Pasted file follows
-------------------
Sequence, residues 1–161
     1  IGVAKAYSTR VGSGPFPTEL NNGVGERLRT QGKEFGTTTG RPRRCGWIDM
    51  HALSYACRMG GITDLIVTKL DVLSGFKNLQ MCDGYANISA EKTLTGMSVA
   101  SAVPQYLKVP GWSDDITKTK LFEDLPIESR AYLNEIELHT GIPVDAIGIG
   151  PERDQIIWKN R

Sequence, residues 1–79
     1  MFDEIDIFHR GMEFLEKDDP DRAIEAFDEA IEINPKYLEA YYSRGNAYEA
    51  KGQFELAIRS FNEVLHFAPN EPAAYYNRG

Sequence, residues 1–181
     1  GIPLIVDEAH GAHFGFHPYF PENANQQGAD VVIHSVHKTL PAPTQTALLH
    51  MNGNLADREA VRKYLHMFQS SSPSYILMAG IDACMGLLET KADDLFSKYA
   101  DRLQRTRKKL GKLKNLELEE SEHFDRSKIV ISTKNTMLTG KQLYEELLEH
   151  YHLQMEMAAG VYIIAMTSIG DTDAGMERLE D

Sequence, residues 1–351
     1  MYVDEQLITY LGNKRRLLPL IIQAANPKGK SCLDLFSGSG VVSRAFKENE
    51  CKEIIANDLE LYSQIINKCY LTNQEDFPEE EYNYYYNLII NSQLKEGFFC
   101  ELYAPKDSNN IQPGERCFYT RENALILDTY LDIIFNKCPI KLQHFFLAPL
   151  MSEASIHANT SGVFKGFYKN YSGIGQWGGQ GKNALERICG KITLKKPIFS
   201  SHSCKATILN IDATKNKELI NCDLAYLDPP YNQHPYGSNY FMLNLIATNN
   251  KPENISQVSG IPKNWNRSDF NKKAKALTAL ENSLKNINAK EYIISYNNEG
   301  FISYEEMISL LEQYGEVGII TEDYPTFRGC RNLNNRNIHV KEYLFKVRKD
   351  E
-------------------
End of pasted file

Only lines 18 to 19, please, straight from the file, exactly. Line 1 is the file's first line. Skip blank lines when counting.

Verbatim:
   151  MSEASIHANT SGVFKGFYKN YSGIGQWGGQ GKNALERICG KITLKKPIFS
   201  SHSCKATILN IDATKNKELI NCDLAYLDPP YNQHPYGSNY FMLNLIATNN